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The Internet didn't pull the trigger in Colorado

By James Hanback Jr.

MAY 3, 1999:  When I was covering the police, fire, and courts beat at another newspaper a couple of years back, there was never a morning I walked into the place that I really knew what to expect. Many bad things can happen between the time one goes to bed and when he rises again to face the world.

In that line of work, one would expect to become desensitized to that side of people which compels them to point a hand gun at a store clerk, or makes them angry enough to fire rounds into the rear windshields of speeding vehicles.

I must say, however, that out of all the crime scenes I examined after the police department, out of all of the lives I saw devastated, and even after I saw a man take his own life, I still get a sick feeling in the pit of my stomach when I hear of tragedies like the one in Littleton, Colo. last week. How could I not?

As we know, 15 people are dead in an entirely senseless act of rage and violence, and two students of Columbine High School in Colorado are responsible. At the time of this writing, authorities had not yet determined if others were directly involved.

Indeed, the teens who did the shooting are the ones responsible for all that carnage, not to mention the anguish now being experienced by the friends and families of the murdered people. But because the shooters also took their own lives, they cannot be made to pay for their crimes. There will be no trial or sentencing of the gunmen to provide closure for those families. There is nothing the living victims of this crime may do to seek payment for their loss. Nor could they ever be repaid, even if the shooters had lived.

So, in the absence of trial and closure, and at that time without any arrests, our national media last week decided to point the finger of guilt in all sorts of directions: music, a subculture, movies, video games, the media themselves, and, of course, the Internet.

It's a debate that raged long before the world went online. Does the violence we read about in newspapers and literature beget violence in life? What about what we see on television and hear in music? And how about those video games? Does life imitate art?

Dateline NBC, for one, pointed the finger more than once at Doom, a popular first-person computer video game. In fact, Doom was a pioneer among video games, taking them to a level of player involvement and control not previously known to the industry. (Players of Doom may also note that Wolfenstein 3-D actually ushered in the era of the first-person shooter games, but Doom is largely responsible for its continued success). The show also briefly pointed to the Internet and mentioned, as nearly all media did, the availability of "bomb-making information" there as a potential contributor to the Columbine tragedy.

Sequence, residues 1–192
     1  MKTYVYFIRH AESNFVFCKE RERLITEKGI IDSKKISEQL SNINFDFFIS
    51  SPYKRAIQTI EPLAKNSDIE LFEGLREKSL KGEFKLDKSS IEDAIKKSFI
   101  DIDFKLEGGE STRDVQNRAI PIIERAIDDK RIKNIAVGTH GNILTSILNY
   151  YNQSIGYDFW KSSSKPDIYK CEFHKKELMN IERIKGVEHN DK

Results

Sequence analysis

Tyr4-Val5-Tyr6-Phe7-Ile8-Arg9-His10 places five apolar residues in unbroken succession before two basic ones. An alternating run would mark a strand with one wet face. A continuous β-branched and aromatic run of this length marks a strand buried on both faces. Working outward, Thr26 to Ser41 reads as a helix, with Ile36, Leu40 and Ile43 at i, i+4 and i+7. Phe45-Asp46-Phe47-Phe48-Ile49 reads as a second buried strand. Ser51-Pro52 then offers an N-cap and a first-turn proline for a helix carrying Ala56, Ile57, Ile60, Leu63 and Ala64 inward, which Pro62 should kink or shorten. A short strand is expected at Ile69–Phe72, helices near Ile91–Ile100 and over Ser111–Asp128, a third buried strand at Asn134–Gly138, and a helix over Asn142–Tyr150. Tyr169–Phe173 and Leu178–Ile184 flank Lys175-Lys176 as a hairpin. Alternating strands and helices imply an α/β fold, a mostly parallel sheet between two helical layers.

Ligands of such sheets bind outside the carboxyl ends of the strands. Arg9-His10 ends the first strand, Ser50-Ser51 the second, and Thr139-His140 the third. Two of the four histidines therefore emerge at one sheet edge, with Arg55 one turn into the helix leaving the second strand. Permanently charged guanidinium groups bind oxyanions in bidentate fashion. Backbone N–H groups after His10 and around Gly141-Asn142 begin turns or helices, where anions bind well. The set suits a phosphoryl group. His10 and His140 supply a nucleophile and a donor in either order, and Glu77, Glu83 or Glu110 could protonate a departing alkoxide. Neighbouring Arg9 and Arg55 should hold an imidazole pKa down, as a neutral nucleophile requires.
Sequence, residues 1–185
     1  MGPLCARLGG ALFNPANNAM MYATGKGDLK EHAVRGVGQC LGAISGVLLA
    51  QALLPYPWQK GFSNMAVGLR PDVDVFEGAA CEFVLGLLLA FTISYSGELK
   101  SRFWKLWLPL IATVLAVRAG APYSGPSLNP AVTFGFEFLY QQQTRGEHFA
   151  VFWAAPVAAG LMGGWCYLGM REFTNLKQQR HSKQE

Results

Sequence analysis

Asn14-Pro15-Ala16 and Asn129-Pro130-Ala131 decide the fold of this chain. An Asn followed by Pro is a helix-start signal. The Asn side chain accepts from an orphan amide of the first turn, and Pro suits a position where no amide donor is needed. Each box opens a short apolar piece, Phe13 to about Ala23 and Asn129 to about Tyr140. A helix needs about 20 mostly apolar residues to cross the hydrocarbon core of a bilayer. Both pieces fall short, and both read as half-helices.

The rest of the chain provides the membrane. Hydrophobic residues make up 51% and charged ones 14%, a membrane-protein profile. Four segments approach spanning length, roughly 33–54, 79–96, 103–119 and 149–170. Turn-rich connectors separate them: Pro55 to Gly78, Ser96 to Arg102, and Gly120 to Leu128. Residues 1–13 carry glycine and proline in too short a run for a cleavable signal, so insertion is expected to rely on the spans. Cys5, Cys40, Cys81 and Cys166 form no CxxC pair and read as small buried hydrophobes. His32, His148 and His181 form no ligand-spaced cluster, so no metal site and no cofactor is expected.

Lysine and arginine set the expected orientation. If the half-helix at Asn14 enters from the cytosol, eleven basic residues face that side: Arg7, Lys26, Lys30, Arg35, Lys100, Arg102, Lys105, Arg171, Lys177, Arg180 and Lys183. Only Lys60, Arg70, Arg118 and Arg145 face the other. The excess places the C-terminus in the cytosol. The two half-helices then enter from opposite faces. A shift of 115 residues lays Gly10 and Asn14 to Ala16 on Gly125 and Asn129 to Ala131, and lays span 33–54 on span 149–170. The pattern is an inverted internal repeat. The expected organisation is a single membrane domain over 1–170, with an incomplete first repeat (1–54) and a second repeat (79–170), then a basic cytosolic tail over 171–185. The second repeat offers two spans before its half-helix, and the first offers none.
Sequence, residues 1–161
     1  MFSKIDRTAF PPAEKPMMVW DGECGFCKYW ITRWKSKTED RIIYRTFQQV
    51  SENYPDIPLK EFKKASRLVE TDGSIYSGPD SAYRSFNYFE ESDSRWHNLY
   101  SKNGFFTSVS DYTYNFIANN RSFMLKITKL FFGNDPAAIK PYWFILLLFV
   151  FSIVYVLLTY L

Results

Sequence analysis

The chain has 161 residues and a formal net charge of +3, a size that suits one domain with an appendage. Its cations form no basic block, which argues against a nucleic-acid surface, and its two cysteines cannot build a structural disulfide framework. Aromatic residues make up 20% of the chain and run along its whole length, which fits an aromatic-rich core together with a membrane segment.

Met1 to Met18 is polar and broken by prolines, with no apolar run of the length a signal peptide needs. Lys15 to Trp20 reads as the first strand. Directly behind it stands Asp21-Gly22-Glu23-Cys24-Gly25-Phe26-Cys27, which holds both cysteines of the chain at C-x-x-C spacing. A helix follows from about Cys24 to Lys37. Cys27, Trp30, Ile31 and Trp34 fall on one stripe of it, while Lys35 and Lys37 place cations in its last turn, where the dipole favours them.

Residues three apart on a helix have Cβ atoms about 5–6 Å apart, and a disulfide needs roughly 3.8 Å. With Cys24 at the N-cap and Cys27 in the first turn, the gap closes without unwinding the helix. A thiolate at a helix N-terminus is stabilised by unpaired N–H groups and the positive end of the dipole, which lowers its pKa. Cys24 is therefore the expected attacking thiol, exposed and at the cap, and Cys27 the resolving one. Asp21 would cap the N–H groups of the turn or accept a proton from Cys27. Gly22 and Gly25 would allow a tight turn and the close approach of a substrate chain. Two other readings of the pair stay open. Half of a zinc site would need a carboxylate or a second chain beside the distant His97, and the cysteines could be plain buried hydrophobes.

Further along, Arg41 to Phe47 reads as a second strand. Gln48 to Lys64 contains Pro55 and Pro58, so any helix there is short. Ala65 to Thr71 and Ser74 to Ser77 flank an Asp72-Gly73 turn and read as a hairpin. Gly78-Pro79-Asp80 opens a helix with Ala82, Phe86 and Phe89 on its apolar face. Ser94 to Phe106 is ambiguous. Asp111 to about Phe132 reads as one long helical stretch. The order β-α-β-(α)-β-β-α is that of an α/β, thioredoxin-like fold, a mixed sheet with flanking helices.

"Should the Internet be regulated?" is a question that's popped up more than once lately. "Shouldn't we be monitoring Internet content? Shouldn't we prevent people from putting potentially damaging information out there for anybody to see?" Even the makers of Internet filtering software took the opportunity to use the Columbine High School tragedy as a means of demonstrating their products, sending out press releases that stated (and I'm paraphrasing): See? This is what happens if you allow your child to surf the Net without the protection of our software.

Should the Internet be regulated?

The answer is an emphatic and resounding "no," although in some ways (i.e., the Communications Decency Act of 1996 and its successor, the Child Online Protection Act) such regulation has already been put in place. Even if a government, group, or individual is able to obtain control of the Internet in such a way as to determine what can or cannot be put online; even if we can start by saying, "This kind of content is damaging, but this is not," where in the world do we really believe it would end? Shall we ban Web sites that contain images and information about London Fog trench coats and outerwear because of what the Columbine shooters wore?

The fact remains that we are a nation seeking someone to blame for this tragedy, someone who can pay for the damage created by these two teens who reportedly shot up their peers, laughed about it, and then killed themselves. But there is no one to blame, except the shooters and anyone else directly involved in that incident. We must remember that these teens were what we call "beyond the age of reason," meaning that although they were still young, they were old enough to determine for themselves the difference between right and wrong.

As for me, I will dress in black if I choose and think nothing of it. I will enjoy the freedom of information the Internet provides me and hope that it remains that way. I will play Doom, and I will play Quake. I will enjoy those games. And when I walk away from those things and out into the bright sunshine of the world, I will greet my fellow human beings as I am greeted, with no desire to pull a weapon from my coat and blow holes in their heads.

And if I ever ask why those events in a Littleton, Colo. high school took place, I'll simply remember the words a student who witnessed it spoke on the nightly news: "I don't know why," he said. "There's no 'why.' "


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